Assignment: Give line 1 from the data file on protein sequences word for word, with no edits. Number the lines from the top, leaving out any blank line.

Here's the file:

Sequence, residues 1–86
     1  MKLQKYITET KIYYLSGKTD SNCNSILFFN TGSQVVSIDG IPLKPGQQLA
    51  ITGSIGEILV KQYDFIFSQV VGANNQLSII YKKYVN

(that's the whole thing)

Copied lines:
Sequence, residues 1–86